You may want this time and these feelings to help identify a challenge you’d like to work on, to plan the day, to prepare for a major challenge, to recover from a hard workout, and/or to reframe an upset related to bad performance or tough loss.

To help with this inner work, I have developed six steps to help you focus your breathing and visualize the results you want to produce, and possibly write down these thoughts, feelings, and actions. 

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Step One: Put Some Love on It!

Breathe by settling down, to accept the situation and to convince yourself to be present, to embrace the related challenge and to be grateful for the opportunity to perform at your best under pressure.

Step Two: Learn to Like it

Continue to breathe your way to the “light” and resist the temptation to go dark and create drama or, worse yet, issues, conflicts and negative situations that require major intervention, healings, and recovery. Instead consider finding joy and fun in this situation.

Step 3: Pull it Off

Breathe until you feel ready to move forward. To demonstrate some character, to act on what’s expected, to prepare with confidence, to execute with intensity and passion, and to complete each aspect of the challenge.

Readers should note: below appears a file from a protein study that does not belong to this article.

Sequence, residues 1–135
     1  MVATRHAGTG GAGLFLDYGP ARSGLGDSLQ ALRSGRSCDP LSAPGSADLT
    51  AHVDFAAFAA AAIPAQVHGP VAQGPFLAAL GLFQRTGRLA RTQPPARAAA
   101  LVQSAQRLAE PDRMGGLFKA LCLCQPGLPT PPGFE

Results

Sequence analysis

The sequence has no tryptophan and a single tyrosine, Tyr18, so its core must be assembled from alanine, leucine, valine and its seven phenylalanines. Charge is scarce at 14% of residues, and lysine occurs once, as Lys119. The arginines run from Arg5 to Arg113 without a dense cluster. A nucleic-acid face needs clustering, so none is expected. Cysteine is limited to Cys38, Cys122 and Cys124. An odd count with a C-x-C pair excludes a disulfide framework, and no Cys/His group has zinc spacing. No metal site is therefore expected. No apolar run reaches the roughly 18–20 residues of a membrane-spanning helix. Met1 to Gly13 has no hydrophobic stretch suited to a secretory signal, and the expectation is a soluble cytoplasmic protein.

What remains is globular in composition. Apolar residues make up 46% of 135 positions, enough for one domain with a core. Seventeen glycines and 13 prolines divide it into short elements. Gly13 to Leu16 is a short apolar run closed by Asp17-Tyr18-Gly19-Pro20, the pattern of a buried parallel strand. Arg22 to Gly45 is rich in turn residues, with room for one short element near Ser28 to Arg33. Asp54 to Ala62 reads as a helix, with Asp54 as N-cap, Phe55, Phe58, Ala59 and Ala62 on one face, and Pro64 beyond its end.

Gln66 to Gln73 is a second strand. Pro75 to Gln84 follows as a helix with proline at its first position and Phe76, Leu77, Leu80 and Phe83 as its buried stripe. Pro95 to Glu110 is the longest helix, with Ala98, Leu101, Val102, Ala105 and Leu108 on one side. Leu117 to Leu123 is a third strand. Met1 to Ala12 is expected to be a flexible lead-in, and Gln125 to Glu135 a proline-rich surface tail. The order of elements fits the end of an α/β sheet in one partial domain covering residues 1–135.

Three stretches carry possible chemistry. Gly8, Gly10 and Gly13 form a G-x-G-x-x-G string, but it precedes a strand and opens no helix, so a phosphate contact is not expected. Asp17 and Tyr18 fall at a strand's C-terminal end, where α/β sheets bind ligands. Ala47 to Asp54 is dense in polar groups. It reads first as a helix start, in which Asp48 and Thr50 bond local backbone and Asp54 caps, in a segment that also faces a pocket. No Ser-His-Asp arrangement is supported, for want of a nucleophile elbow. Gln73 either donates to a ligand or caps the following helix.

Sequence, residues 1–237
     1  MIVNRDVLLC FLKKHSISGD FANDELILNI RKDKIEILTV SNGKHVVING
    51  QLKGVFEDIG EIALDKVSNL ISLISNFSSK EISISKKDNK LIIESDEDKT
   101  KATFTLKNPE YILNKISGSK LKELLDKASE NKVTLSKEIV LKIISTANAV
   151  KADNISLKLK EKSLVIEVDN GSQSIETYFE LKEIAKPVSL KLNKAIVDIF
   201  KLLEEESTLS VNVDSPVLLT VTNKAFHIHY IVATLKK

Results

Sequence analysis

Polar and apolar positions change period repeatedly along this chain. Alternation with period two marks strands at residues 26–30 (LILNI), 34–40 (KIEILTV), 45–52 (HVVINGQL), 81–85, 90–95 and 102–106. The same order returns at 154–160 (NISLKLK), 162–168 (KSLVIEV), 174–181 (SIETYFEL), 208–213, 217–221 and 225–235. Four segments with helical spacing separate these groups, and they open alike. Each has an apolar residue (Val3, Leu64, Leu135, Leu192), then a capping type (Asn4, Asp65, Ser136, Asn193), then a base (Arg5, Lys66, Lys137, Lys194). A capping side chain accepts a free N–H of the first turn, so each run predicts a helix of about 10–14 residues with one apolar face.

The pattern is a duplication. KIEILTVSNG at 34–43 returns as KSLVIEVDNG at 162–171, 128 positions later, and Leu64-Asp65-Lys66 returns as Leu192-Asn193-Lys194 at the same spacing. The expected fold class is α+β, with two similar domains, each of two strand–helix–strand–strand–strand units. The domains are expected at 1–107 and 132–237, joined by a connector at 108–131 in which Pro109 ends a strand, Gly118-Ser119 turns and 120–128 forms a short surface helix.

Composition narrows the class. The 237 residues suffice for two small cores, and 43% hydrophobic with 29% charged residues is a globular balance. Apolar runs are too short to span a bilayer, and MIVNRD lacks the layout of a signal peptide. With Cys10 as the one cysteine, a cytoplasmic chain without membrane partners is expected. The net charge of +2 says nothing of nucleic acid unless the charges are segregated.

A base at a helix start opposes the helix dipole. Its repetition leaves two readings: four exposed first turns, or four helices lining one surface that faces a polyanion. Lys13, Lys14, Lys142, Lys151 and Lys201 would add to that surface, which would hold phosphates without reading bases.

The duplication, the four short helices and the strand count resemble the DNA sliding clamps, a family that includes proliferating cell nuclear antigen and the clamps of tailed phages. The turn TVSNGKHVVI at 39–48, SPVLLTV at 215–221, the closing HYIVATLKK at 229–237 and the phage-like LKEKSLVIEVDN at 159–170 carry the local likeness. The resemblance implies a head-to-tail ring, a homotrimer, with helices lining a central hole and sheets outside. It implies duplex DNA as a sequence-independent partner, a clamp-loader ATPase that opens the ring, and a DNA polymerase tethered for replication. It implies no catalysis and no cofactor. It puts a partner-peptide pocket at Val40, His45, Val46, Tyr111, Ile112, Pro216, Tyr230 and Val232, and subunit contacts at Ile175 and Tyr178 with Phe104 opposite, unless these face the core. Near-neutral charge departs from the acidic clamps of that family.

Step 4: Respect the Process

Be deliberate, to have compassion for yourself and others, and to be kind. The caution for people who push the limits of what’s possible is to know when they have lost the self-respect and the concern for their own and others individual and group well-being.

Step 5: Build Trust

Breathe and feel the confidence and power to give your best effort under pressure. Settle down, be present, to battle with the distractions and to experience the ease of performing in the flow.

Step 6: Find Truth

Establish the capacity to maintain a lens to seize the opportunities to learn, get better and experience satisfaction from your efforts. In the completion of this process your best effort becomes an outward expression of who you are that feels natural and appropriate.


In the field of education, a clear distinction is made between having an inner locus of control and an outer locus of control. The inner locus welcomes the opportunity to take control and oversee their lives and learn lessons to experience growth. The outer locus resists taking control. They blame… and give their power away and remain stuck. The process presented here is most certainly a statement for having an internal locus of control.

“Brad, thanks for sharing the process of using breatholds to Go Deep and settle down. I recently completed my 19-day leadership evaluation field training for Air Force ROTC, and I was really pleased with the results. I kept the go deep process close and near throughout the training. Whenever the training made me feel the ‘intended stress,’ I used my breath to settle down and get back on track. I fell back on my gratitude and excitement towards the training process to keep me strong everyday. I even taught some of my classmates to do the same with great results.”

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Harrison Deisroth 

Awesome Ocean Athlete

That’s HiLevel!